“It seems clear that fruits and vegetables can prevent many cases of chronic diseases,” said Molly Goodman, co-manager for SF2T and Ellerbe native. “In our corner of the world, we are proud to offer our communities resources to eat fresh and better their health.”
Connecting Moore County to a Farm-Fresh Lifestyle
It’s been a mission of Sandhills Farm to Table’s to cultivate healthy relationships between farmers and the greater community. The South is fortunate to have dinner tables with access to ingredients that are sourced from generations-old farms and gardens for nutritious ways to feed ourselves and our families.
The Co-op has benefited many farmers and residents in the greater Sandhills region since forming the alliance in 2009. From long-time SF2T farmer John Blue of Highlanders Farm in Carthage to new farmer Anna Jackson from White Hill Farm in Cameron, SF2T relishes the partnerships it makes.
According to Goodman, the philosophy of Farm to Table has always been to support local farmers by buying their harvest at a fair price and giving consumers fresh produce. “Customers commit upfront by joining the Co-op so that the farmers know they have a stable market,” Goodman explains. “The mechanics of software, website, billing, marketing, packing and distribution are all carried out by staff and volunteers so that farmers can focus on farming.”
What’s in the Box
SF2T produce is generally picked the day before and, in some cases, the morning of distribution. With a goal of less than two days from area farm to fork, that means a lot of hustle from staff and volunteers. “A lot of time and care is put into the packing process. It’s truly a labor of love,” says Mark Hunsicker, longtime staff member.
Members have the option of choosing between four varieties of boxes and can skip or change weeks at any time. During the box season, subscribers receive an e-newsletter ahead of each delivery with Sandhills farm news, featured recipes, storage tips and information about upcoming events.
The delivery season for subscribers is 30 weeks, starting April 24. From familiar favorites, such as tomatoes, cucumbers, blueberries and peaches to vitamin-packed greens such as Boy Choy, cabbage, lettuces and kale, subscribers can indulge in farm-fresh food that tours the best tastes of the Sandhills. There are more than 20 gathering sites and workplaces in Moore, Lee, Cumberland, and Richmond Counties where consumers can pick up their subscribed boxes.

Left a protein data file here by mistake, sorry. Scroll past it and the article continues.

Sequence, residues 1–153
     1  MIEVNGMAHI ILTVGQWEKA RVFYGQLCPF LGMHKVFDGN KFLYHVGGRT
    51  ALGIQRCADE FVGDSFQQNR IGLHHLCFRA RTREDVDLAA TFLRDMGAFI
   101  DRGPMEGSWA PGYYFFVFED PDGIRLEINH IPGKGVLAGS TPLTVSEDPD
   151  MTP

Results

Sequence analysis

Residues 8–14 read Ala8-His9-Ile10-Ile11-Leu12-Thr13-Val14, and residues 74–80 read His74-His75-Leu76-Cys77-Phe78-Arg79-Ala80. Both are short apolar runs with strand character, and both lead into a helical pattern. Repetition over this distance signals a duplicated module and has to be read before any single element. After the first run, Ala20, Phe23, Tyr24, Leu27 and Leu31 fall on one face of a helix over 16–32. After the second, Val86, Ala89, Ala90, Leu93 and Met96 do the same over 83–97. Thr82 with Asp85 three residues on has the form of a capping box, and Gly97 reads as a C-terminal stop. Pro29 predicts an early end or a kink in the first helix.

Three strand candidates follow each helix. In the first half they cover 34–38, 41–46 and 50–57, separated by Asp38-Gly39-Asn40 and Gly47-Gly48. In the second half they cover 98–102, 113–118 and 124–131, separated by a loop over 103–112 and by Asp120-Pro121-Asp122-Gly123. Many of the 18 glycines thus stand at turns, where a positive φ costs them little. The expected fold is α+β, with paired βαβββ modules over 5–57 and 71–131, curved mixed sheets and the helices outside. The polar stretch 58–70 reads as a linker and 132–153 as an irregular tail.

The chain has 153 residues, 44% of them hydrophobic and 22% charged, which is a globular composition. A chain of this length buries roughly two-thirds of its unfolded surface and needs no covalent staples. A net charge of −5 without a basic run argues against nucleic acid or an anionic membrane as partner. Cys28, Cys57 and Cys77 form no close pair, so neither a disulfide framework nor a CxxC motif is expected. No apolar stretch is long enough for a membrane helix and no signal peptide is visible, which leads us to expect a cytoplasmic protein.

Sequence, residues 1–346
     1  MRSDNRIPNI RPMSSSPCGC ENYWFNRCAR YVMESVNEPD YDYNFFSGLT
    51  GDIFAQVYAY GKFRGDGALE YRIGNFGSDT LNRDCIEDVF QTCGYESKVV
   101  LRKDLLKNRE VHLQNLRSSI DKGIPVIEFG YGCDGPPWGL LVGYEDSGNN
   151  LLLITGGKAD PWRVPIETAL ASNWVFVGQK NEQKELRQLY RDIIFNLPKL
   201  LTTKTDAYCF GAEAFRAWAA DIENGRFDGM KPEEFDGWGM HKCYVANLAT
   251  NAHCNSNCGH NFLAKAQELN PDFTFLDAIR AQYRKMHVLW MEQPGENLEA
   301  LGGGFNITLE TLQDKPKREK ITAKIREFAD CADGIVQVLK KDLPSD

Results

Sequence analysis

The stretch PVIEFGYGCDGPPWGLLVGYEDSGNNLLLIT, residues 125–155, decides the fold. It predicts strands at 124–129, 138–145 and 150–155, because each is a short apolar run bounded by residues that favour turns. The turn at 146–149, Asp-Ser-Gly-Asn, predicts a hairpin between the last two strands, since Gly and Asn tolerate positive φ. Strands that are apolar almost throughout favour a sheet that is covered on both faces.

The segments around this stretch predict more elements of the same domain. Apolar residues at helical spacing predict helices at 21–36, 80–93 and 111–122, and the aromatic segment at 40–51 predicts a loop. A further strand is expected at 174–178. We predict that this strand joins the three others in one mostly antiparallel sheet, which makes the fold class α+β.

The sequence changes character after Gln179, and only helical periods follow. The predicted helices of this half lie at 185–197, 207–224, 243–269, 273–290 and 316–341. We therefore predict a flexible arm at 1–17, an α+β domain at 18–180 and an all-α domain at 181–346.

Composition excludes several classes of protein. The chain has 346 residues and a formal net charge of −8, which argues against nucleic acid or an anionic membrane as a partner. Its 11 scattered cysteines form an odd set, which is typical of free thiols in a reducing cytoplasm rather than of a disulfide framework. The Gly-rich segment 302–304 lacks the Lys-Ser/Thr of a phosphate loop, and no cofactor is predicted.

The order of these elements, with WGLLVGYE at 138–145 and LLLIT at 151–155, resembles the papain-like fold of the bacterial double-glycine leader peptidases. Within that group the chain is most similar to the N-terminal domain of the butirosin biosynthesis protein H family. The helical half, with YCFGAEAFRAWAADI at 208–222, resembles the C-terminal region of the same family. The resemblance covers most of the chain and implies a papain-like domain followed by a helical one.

Two other aspects of the Co-operative are its online Artisanal Market and its Workplace Wellness program. This year’s upgraded SandhillsFarm2Table.com features a revamped online market offering fresh baked goods, grass-fed beef, pastured poultry and pork, local salsas, cheeses, jams and soaps.
In addition to gathering sites, many workplaces in Moore County subscribe to boxes for their employees as a workplace benefit, allowing local employers to encourage healthier eating habits among employees. SF2T Workplace Wellness participants include Sandhills Pediatrics, Aberdeen Town Hall, FirstHealth of the Carolinas, and Sandhills Community College.
Celebrate With Us
“The public is invited to celebrate with SF2T this month as the group embarks on what promises to be the most celebrated season yet,” said Goodman, who is passionate about sourcing fresh ingredients. “Pre-Season is always a lot of hard work, but also rewarding,” she added. “We’re ready to enjoy the harvest, and reap the reward.”
The group will commemorate its decade of provision at a series of parties in the communities it serves, starting with a gathering at Hugger Mugger Brewery, in downtown Sanford, Saturday, March 30, from 4-8 p.m. For the latest event updates, visit our website and Facebook page. A listing can also be found below.
Sandhills Farm Tour
Sat. April 6th 9 a.m.-3 p.m.
Hosted by the NC Cooperative Extension’s Master Gardener volunteers, the public is invited to tour working farms in Moore County. This year the tour has expanded into two circuits, each including food vendors and ice cream shops, and several
farms will offer child-friendly activities. For more information, visit the event page or call (910) 947-3188.
305 Trackside Anniversary Bash
Sun. April 7th 1-4 p.m.
Free and open to the public, the event at 305 Trackside will feature an indoor farmer’s market, food trucks and farmers serving local dishes, children’s activities, music and more. SF2T will also be raffling off subscription discounts, as well as announcing new and exciting changes to this year’s services. Come enjoy the opportunity to meet many of the Co-op farmers and artisans. 305 NW Broad St, Southern Pines.